Thea Gallagher, PsyD, Langhorne, PA, was featured in an article in the Philadelphia Inquirer titled “Social Distancing Can Strain Mental Health. Here’s How You Can Protect Yourself” (March 19, 2020). Barbara J. Jones, DO, Duluth, GA, was featured on the “Strong Women in Medicine” podcast hosted by Candace Bellamy, MD, in January. Dr. Jones discussed choosing osteopathic medical school and how she balances working in medicine, media and modeling.

Thomas M. Lettich, DO, Danville, PA, received a clinical fellowship grant from the Cystic Fibrosis Foundation. Jennifer Minkovich, DO, Richboro, PA, was interviewed for an article in the Philadelphia Inquirer titled “How Can I Get Medical Marijuana in Pennsylvania During the Coronavirus Pandemic?” (April 10, 2020). Jonathan Mitchell, MS/PA, Malvern, PA, wrote two articles for Mind Body Green titled “Six Simple Things You Can Do to Stay Healthy While in Isolation” (March 2020) and “Exactly How This Functional Medicine Expert Avoids Getting Sick When He Travels” (November 2019). Mitchell is a certified physician assistant turned functional medicine health consultant.

ON A PERSONAL NOTE Theresa A. DiJoseph, MS/PA ’13, Springfield, PA, and her husband, Doug, welcomed a baby boy, Ryder William Shafer, on September 30, 2019. Casey Elizabeth Lafferty, DO ’10, Melbourne, FL, married Major Patrick Lookabaugh at the Lightner Museum in Saint Augustine on December 6, 2019. Dr. Lafferty serves as medical director for Health First Now Urgent Care clinics, associate medical director for Kindred Hospice and physician speaker for Genetech.

DiJoseph Baby

Lafferty Wedding




SEEKING ALUMNI TO SPEAK TO STUDENTS This summer, we’re launching our Virtual AlumniStudent Speaker Series. We will host one alumnus/ alumna each month to talk to groups of students about his/her career and professional journey. If you’re interested in speaking to students through a virtual platform like Zoom or Google Meet, email alumni@pcom.edu with your program, specialty, and current job title. The series is open to all programs and campuses.

Richard M. Pescatore, II, DO, Sicklerville, NJ, was selected as one of the Emergency Medicine Residents’ Association’s 45 Under 45 in 2019, selected out of more than 400 nominations. Jeffrey C. Stevens, DO, Haverford, PA, was named a 2020 Millennial Superstar by VISTA Today, an online news publication focusing on Chester County. He is a family medicine physician with Main Line HealthCare in Paoli. Dr. Stevens was one of 40 professionals under 40 recognized by VISTA for breaking down walls, shattering expectations and making Chester County a better place.


Kristina A. Cade, MS/Biomed, West Sacramento, CA, was

appointed medical director of Yolo Hospice in Davis. Michelle Gainty, DO, Fort Stewart, GA, wrote a column for Front Row Soccer titled “Former Monmouth Player Gainty on Being an OB/GYN During COVID-19” (May 1, 2020). Dr. Gainty is an OB/GYN at Winn Army Community Hospital. Matthew C. Ruppel, DO, Concord, NH, was the subject of an article for lohud.com titled “Ex-Sleepy Hollow Runner, Who Fought Cancer Three Times, Now ER Doctor in Coronavirus Battle” (April 16, 2020). Leonardo Taarea, DO, The Woodlands, TX, is a primary care and sports medicine physician at Houston Methodist Orthopedics and Sports Medicine in The Woodlands.


Stephanie N. Bratton, DO, Easton, MD, joined Choptank Community Health in Maryland as a pediatrician at Denton Pediatrics and Easton Pediatrics Centers. Jessica Calandra, DO, Philadelphia, PA, will start a fellowship in brain injury medicine at the Hospital of the University of Pennsylvania this summer. Jenna DiLossi, MS/CCHP ’11, PsyD, Philadelphia, PA, wrote an article for the Philadelphia Inquirer titled “What Netflix’s ‘Unbelievable’ Can Teach Us About Sexual Assault and PTSD” (October 9, 2019). Jessica A. Geida, DO, Millville, NJ, was featured in a Philadelphia Magazine article titled “Philly Health Experts Turn to Social Media to Fight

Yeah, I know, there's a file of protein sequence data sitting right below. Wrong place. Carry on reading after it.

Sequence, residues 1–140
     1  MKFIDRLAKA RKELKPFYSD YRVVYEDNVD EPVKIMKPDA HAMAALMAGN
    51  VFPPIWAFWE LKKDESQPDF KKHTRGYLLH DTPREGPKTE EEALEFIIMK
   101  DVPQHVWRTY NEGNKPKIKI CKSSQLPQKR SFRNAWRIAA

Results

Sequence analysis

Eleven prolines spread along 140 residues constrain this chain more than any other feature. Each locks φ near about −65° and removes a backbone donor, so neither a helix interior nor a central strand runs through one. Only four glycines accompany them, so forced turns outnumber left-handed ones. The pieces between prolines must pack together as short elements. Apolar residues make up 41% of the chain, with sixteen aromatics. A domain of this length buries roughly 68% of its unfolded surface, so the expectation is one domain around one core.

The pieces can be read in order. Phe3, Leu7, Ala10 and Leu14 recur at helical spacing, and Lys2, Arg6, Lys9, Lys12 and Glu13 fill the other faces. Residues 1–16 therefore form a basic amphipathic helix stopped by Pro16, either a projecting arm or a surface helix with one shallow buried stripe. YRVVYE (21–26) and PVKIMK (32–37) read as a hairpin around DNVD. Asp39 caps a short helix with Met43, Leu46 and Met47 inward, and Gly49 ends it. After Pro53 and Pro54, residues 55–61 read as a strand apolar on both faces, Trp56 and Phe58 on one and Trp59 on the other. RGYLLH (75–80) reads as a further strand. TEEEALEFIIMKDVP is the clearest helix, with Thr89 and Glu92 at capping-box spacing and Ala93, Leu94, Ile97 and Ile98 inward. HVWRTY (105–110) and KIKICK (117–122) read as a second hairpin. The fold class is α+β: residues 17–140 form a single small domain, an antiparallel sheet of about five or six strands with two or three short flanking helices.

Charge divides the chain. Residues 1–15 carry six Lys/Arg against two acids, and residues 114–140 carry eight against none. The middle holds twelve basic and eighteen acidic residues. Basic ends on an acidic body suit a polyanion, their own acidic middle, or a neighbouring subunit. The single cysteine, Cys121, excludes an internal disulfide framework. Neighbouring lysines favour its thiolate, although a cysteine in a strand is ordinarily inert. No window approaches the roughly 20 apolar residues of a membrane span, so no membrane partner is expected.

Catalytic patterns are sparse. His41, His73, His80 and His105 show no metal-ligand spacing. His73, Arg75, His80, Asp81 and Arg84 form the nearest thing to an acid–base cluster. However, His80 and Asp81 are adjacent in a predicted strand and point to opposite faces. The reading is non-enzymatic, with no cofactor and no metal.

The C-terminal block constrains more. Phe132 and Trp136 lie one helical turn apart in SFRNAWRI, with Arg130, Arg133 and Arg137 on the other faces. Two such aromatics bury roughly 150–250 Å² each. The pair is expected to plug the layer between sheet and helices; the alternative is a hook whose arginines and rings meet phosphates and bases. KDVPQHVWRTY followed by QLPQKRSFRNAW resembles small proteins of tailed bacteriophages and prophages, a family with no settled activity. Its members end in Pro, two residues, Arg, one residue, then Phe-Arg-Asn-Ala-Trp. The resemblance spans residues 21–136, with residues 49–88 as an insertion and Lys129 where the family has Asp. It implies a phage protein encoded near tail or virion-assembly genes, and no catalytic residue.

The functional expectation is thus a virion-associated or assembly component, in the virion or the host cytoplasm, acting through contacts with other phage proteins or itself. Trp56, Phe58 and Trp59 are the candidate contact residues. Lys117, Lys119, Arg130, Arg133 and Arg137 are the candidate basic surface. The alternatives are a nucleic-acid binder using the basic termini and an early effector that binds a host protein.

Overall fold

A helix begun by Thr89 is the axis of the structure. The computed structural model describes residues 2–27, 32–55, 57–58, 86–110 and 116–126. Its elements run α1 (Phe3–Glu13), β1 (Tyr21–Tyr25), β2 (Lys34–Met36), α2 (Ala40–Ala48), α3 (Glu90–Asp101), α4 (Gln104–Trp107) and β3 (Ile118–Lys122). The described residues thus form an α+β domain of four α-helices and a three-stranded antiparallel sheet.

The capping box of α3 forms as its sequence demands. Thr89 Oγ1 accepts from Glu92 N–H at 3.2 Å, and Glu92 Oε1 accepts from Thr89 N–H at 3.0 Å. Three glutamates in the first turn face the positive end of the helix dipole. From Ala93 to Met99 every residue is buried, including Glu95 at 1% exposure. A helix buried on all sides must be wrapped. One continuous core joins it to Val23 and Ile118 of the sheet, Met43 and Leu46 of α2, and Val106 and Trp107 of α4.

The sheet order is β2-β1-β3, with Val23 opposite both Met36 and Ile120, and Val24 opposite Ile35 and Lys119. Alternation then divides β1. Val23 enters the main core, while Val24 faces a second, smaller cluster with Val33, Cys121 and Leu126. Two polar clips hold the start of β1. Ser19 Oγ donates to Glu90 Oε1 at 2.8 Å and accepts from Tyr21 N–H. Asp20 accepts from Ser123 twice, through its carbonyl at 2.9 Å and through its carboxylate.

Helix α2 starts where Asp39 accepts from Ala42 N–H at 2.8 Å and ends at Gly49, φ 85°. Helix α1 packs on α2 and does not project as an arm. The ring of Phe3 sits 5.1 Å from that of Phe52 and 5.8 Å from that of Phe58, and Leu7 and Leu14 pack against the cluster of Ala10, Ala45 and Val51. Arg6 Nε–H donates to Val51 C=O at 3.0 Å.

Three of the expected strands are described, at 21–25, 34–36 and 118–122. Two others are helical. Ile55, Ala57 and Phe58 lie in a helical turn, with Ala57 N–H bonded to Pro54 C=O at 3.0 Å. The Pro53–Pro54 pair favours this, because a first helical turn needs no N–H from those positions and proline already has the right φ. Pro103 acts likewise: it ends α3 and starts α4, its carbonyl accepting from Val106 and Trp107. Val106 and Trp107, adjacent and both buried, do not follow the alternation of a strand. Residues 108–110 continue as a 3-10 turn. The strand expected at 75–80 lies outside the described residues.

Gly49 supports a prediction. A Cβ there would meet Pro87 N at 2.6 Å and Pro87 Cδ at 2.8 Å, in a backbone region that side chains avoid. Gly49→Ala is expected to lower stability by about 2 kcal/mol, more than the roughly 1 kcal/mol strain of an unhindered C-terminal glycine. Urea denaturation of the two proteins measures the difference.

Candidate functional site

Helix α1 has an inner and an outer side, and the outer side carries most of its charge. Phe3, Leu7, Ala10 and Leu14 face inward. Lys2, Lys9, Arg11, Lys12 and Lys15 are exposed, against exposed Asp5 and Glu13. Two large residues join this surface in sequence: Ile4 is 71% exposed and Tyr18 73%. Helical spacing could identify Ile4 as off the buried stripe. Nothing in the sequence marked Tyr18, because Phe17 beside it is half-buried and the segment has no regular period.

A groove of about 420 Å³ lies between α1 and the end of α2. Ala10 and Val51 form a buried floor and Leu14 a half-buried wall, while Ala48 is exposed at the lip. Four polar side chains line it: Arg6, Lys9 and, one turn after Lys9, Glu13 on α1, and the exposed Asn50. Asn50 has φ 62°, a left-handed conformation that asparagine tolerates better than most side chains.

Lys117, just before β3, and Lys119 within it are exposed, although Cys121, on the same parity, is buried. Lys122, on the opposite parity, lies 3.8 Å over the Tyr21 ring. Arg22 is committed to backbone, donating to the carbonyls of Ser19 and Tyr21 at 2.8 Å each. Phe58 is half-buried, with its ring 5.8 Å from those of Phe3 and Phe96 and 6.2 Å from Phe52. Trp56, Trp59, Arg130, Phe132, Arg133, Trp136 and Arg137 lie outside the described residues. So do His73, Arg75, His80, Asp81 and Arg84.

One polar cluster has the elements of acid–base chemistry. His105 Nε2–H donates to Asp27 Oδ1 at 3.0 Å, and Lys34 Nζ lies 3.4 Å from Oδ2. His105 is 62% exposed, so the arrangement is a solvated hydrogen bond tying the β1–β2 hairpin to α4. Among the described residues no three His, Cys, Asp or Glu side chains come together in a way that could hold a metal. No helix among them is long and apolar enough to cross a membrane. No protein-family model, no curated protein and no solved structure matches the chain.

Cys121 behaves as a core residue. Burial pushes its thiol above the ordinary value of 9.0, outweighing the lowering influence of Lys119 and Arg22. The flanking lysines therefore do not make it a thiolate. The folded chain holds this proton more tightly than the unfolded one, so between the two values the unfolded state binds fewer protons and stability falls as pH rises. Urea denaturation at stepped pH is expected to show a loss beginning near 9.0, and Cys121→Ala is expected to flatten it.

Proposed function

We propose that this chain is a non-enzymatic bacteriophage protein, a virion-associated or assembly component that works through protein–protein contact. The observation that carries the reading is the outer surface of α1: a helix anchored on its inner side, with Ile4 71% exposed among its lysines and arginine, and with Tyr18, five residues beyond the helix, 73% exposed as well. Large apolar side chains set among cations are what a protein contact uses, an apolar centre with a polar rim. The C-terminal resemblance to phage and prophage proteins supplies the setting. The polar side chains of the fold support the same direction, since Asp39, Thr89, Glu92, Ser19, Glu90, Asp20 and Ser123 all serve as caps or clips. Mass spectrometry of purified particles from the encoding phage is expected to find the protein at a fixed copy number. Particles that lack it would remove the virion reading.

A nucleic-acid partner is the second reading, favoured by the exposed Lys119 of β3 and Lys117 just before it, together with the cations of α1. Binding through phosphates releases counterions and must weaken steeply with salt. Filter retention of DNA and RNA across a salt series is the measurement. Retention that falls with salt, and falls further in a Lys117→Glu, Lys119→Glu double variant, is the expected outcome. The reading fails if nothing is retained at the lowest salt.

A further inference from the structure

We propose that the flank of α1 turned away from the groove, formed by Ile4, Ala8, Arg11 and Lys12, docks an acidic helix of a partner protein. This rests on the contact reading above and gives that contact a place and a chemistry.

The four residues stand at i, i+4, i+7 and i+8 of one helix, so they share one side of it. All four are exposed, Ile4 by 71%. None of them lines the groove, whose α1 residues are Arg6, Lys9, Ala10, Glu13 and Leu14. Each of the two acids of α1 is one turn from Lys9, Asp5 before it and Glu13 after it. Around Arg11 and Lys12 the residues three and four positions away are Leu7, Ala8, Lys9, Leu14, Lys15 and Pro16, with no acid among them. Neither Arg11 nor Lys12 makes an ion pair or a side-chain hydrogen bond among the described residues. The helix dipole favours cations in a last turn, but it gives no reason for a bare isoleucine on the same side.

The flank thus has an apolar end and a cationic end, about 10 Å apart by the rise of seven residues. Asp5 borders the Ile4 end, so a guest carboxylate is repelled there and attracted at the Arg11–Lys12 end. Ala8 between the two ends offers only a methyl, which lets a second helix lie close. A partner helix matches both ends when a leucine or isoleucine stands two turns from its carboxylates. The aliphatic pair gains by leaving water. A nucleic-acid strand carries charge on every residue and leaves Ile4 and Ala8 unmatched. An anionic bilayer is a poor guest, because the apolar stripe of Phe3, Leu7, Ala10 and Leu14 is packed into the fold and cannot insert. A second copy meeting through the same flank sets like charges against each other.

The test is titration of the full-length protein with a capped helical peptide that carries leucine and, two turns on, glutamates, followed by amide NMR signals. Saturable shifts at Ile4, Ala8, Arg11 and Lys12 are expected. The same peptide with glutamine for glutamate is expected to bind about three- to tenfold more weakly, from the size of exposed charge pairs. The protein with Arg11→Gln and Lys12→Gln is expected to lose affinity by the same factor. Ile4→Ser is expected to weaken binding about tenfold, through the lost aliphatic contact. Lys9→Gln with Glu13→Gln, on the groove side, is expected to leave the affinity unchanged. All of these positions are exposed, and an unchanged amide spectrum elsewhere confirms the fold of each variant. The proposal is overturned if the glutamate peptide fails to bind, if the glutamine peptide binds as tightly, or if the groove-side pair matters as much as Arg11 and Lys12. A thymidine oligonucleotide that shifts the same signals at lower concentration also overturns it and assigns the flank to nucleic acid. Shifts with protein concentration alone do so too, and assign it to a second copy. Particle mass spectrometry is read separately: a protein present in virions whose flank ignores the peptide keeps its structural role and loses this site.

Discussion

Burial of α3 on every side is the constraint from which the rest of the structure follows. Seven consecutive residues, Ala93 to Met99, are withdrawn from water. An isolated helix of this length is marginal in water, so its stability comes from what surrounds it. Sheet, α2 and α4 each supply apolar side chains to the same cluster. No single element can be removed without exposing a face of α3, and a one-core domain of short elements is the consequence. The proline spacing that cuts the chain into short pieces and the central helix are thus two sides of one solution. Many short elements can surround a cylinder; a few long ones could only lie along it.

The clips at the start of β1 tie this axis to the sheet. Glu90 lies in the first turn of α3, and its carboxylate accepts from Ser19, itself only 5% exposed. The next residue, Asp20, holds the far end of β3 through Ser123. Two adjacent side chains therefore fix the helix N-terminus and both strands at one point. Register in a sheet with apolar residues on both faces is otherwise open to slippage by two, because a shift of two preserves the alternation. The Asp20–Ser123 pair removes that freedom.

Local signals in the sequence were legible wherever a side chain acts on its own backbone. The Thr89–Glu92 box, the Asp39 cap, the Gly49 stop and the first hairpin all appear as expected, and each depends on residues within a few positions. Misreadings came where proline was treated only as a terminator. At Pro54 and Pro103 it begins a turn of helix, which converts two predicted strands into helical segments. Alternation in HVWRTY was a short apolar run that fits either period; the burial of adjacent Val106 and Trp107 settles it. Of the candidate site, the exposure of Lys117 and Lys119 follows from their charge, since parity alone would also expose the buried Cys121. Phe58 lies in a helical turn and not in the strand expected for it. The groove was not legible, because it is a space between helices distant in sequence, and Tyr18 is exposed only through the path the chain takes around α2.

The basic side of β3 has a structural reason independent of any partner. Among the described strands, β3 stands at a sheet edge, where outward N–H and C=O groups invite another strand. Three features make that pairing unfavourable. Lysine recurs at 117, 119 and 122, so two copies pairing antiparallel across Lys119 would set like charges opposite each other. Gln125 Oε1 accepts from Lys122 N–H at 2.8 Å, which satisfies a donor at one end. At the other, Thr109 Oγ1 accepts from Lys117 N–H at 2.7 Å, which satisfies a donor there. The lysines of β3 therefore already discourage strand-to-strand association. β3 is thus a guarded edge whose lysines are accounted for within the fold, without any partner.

LOST ON THE FRONT LINES FRANK GABRIN, DO ’85 After treating patients with COVID-19 at East Orange General Hospital, New Jersey, Frank Gabrin, DO ’85, succumbed to the disease and passed away in his husband’s arms on March 31, 2020. He was the first frontline emergency room doctor in the United States known to have died of the illness. Dr. Gabrin was a fighter. He had survived cancer twice. And he had survived physician burnout, authoring one of the earliest books about the topic—and lending his experience to Medical Economics and The Pulse (the journal of the ACOEP). The following excerpt about Dr. Gabrin’s life is from a tribute written by Miriana Antenucci (MS/Biomed ’21) on behalf of the PCOM Oncology Club: Born and raised in southwestern Pennsylvania, Dr. Gabrin attended the University of Pittsburgh and then matriculated to PCOM, where he earned his medical degree in 1985. After his first post-graduate year of training in New York City, he went on to serve in the United States Navy Medical Corps and was honored with a Navy Achievement Medal. Dr. Gabrin spent most of his career in the emergency room. He also served as clinical professor of medicine at Case Western Reserve University and Ohio State University. For a time, he was a volunteer physician for an HIV/AIDS intervention program at the Cleveland Free Clinic. Dr. Gabrin’s life changed when he was diagnosed with cancer. His two-time battle required testing, treatments, surgeries; it was filled with courage and fear. But it gave him a unique perspective as both a patient and physician. Dr. Gabrin drew from his cancer experience to write Back from Burnout: Seven Steps to Healing from Compassion Fatigue and Rediscovering (Y)our Heart of Care (2013). He hoped to pave a path for fellow physicians to navigate professional burnout and to highlight a way to cope. Dr. Gabrin selflessly treated patients until his final days—in an understaffed emergency room, caring for the sickest of the sick. 44